Touch Screen All-in-One PCs All the Rage at CES
HP, Asus, Shuttle, and MSI have all unveiled stylish new touch screen-capable all-in-one PCs at CES 2009.
HP is following up on the popularity of its classy line of consumer TouchSmart PCs with a rebadged version of its TouchSmart IQ504t geared towards kiosk-style use in places like schools and hotels.The new dx9000 TouchSmart Business PC starts at $1400, and has the same-sized 22-inch multitouch screen and built-in Webcam as the IQ504t, but adds a faster 2.26GHz Core 2 Duo P8400 CPU and greater support options.
Meanwhile, the Taiwanese trio of Asus, MSI and Shuttle all showcased new touch screen "Net Top" PCs that essentially repackage the specs of a netbook into an all-in-one desktop.
The Asus Eee Top (pictured at far top) runs Windows XP and features a 15.6-inch (1366 by 768) display, 802.11n Wi-Fi, plus a built-in 1.3Mp Webcam and speakers. Asus mentioned its 1.6GHz Atom processor, 1GB of RAM, 160GB hard disk and GMA950 graphics might also be upgraded by the time it launches in the US in February, for about $600.
Shuttle's X50 All-in-One has the same-sized screen and almost identical specs as the Eee Top, but adds a rear-stand that can be used to hang it on the wall, along with a dual-core Atom processor. Maybe that's what Asus was hinting at when it mentioned upgrades? The X50 is expected to launch in the second half of the year with a starting price of $500.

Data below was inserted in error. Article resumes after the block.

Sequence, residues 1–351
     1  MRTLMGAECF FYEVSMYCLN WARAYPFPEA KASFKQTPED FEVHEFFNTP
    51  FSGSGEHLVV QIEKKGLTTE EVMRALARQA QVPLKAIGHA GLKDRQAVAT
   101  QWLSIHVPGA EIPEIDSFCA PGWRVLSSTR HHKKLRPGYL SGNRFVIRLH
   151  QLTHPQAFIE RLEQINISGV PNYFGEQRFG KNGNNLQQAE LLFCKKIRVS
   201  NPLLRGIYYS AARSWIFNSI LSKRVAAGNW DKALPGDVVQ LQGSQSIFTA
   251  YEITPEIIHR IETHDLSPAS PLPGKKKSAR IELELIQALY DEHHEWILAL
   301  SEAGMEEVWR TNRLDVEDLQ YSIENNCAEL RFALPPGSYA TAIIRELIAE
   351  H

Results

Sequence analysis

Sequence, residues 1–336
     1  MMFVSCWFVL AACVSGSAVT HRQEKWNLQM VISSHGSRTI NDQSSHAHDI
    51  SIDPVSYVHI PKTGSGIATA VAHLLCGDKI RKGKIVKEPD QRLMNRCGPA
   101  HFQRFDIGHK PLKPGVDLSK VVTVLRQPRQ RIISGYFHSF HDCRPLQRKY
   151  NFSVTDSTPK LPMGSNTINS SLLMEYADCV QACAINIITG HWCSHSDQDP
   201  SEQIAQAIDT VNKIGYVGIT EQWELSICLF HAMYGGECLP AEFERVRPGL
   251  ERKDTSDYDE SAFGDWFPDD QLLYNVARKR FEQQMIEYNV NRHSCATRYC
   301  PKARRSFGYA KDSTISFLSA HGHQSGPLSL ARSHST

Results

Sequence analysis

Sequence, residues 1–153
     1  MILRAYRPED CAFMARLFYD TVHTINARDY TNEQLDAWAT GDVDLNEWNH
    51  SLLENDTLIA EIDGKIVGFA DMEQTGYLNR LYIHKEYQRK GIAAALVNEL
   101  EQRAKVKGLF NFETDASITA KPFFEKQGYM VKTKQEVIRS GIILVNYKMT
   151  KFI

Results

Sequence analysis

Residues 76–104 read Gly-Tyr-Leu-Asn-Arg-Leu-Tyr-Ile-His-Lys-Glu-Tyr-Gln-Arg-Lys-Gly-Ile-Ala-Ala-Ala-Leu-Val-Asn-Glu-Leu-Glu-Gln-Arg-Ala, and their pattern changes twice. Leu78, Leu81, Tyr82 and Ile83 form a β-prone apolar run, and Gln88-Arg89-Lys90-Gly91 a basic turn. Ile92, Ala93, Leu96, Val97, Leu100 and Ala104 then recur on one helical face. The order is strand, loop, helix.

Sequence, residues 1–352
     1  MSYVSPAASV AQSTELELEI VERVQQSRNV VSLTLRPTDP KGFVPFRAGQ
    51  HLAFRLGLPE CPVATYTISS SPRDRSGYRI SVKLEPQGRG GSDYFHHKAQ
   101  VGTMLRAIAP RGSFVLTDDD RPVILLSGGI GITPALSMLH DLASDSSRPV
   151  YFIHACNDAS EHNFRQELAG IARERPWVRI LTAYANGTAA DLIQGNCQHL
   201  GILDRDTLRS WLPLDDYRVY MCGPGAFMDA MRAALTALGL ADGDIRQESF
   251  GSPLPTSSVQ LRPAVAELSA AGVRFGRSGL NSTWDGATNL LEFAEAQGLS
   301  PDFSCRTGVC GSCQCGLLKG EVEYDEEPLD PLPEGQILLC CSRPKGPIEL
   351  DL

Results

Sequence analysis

Finally, reports suggest that the 19-inch (1366 by 768) MSI Wind NetOn AE1901 will claim bragging rights as the first "Net Top" with a dual-core Atom processor when it goes on sale this month for $500. A $400 16-inch (1366 by 768) model and an $800 22-inch (1920 by 1080) version are expected to launch in February and March, respectively. Though final configurations weren't confirmed, it's likely that the NetOn line will run Windows Vista while internals won't be too different from MSI's Wind netbooks.
Also announced at CES: the super-sleek Lenovo IdeaCenter A600. The brilliant design alone makes it worth taking a look at, but the company may have missed the boat by forgoing a touch screen.
For our complete CES 2009 coverage, see our CES Topic Center.